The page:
In handing down his fourth Federal Budget, the Treasurer, Josh Frydenberg reminded us that we are living in uncertain times and commended the Australian people for remaining resilient and strong. This Government’s budget is a plan for the times.
A summary of the key tax announcements include a temporary and targeted cost of living package, an enhanced 120% tax deduction for small business spending on skills and technology and an extension of the Patent Box which is aimed at boosting innovation.
The tax team at Prosperity have pulled together the main highlights:
Technology investment boost for small businesses
The Government is introducing a technology investment boost that will apply to eligible expenditure incurred from 7:30pm, 29 March 2022 to 30 June 2023.
Small businesses (that is businesses with an aggregated annual turnover of less than $50M) will be able to deduct an additional 20% of the cost incurred on business expenses and depreciating assets that support digital adoption, such as portable payment devices, eInvoicing, web design, cyber security systems or subscriptions to cloud-based services. As online business grows and evolves, so does the risk of being overtaken by global competitors with better technology and better infrastructure. This measure is intended to level the playing field.
An annual cap will apply up to $100,000, meaning that a maximum spend of $100,000 will entitle a small business to a $120,000 deduction.
The benefit derived is not immediate, as the boost for eligible expenditure incurred by the end of the 2022 financial year can be claimed in the 2023 financial year, while the boost for eligible expenditure incurred during the 2023 financial year can be deducted in that year.
Skills and Training Boost for small businesses
The Government is introducing a skills and training boost to assist small businesses in the training and upskilling of their employees. This boost will apply to relevant expenditure incurred from 7:30pm, 29 March 2022 to 30 June 2024.
Small businesses (that is businesses with an aggregated annual turnover of less than $50M) will be able to deduct an additional 20% of expenditure incurred on external training courses provided to their employees. Meaning that for every $100 spend on eligible expenditure, small businesses will be entitled to a $120 tax deduction. These external training courses will need to be provided to employees in Australia or online, and delivered by entities registered in Australia.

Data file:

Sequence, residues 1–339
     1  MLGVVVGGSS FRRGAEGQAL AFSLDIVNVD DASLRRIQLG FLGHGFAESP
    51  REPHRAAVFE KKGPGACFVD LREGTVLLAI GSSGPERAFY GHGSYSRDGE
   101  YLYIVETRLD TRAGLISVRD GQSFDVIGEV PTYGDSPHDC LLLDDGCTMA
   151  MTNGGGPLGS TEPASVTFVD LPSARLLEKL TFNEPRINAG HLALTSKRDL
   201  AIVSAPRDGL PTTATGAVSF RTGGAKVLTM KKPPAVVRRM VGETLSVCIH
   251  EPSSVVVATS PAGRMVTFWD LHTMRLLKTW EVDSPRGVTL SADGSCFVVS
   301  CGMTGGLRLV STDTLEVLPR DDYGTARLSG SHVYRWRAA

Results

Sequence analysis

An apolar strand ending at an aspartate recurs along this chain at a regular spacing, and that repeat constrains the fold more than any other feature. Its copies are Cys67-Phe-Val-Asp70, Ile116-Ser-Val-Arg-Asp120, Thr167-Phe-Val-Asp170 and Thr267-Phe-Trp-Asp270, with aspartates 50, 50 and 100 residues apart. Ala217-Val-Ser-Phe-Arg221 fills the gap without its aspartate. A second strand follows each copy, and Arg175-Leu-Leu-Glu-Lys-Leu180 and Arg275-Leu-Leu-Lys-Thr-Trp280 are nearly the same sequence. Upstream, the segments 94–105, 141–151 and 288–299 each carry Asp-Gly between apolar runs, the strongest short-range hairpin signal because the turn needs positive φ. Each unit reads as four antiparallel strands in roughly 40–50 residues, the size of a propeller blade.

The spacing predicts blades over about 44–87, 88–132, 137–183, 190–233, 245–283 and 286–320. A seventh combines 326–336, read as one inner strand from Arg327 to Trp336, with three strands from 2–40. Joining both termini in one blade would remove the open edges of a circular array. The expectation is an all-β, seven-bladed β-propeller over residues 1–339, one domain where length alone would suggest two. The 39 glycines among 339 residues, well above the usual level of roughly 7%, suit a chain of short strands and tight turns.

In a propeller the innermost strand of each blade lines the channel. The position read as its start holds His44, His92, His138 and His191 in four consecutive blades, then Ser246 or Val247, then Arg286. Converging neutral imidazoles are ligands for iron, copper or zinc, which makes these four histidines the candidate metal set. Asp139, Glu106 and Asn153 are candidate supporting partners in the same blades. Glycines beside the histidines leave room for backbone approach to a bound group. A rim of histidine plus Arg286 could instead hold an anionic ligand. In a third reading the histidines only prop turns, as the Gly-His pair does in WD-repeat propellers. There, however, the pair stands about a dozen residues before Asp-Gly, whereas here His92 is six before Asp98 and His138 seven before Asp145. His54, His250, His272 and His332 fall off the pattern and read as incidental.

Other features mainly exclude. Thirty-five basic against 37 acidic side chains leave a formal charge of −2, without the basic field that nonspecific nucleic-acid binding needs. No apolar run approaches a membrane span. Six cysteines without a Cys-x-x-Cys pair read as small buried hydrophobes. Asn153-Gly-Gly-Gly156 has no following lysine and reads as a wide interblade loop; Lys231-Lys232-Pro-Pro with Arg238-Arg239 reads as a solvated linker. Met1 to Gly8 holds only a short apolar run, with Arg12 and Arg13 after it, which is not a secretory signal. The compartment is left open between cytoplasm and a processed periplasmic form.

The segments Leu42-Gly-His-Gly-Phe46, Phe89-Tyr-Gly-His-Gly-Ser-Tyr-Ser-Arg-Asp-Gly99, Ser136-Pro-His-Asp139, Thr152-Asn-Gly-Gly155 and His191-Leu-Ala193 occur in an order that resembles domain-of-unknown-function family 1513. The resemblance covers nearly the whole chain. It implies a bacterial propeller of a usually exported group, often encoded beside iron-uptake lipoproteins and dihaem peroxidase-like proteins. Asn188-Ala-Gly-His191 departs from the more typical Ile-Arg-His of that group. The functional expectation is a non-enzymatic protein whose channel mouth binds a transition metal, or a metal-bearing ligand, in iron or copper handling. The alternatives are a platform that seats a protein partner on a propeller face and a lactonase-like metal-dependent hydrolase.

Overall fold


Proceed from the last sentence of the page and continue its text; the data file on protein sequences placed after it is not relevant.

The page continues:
However, exclusions will apply to in-house or on-the-job training and on external training courses provided for persons other than employees.The benefit derived is not immediate, as the boost for eligible expenditure incurred by the end of the 2022 financial year will be claimed in tax returns for the 2023 financial year, and the boost for eligible expenditure incurred between for the 2023 and 2024 financial years, will be included in the financial year in which the expenditure is incurred.
Apprenticeship and training
The Government has announced they will extend the Boosting Apprenticeship Commencement wage subsidy to the end of 2022 financial year, allowing businesses in high-demand industries who takes on an apprentice or trainee by 30 June 2022 to be eligible for up to $15,000 of wage subsidy over the next three years. This is expected to benefit businesses that rely on apprentices and trainees such as those in the hospitality and manufacturing industries.
Trainees in priority industries will also receive a $5,000 cash payment towards training costs, paid over four six-monthly instalments.
The Opposition has instead proposed an expansion of funding of fee-free TAFE places in areas of skills shortage if it wins the election in May.
Patent Box (R&D) expansion
The Government has announced it will expand the Patent Box Regime to include R&D in low-emissions technologies (“cleantech”) and agriculture to encourage new investments in these areas to boost clean energy. The benefit of making use of the Patent Box regime is to achieve a concessional tax rate on income streams attributable to the patent. The solar and renewables industries are expected to be winners of this announcement.
Investment in the Hunter region